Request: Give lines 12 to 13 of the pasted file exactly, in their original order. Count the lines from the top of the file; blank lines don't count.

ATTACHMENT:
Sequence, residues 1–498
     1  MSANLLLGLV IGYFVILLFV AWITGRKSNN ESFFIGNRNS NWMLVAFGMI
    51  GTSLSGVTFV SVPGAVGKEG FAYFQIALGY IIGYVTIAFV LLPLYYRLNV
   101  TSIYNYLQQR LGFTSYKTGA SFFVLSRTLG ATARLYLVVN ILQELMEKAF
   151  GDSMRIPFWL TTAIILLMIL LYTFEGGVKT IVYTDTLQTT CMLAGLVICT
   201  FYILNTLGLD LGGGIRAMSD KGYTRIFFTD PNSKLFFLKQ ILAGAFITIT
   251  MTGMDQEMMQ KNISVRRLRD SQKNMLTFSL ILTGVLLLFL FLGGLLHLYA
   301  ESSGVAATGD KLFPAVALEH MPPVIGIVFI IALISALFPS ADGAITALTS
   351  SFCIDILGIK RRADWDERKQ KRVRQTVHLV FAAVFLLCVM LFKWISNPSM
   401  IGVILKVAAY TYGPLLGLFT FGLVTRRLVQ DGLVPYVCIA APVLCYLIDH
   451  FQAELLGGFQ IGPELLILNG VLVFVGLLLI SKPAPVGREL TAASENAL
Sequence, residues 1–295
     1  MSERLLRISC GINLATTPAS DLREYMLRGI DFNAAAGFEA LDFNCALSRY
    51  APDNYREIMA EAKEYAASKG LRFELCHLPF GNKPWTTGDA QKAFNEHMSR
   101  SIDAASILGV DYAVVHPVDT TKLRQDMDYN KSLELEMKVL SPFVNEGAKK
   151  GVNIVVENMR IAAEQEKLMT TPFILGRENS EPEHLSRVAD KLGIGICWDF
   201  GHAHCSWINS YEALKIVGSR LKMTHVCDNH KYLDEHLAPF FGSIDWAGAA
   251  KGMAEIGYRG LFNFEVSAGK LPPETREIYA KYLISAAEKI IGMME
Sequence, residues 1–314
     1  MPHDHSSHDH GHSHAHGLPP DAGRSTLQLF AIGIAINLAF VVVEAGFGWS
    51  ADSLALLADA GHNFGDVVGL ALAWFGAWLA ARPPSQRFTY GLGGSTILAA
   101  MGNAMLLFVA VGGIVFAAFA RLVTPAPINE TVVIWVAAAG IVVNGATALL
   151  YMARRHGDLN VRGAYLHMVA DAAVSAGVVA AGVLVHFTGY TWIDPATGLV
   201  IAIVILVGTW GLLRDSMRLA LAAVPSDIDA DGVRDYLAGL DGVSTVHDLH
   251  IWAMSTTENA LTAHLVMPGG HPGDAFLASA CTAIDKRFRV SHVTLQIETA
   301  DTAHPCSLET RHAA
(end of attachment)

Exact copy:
Sequence, residues 1–295
     1  MSERLLRISC GINLATTPAS DLREYMLRGI DFNAAAGFEA LDFNCALSRY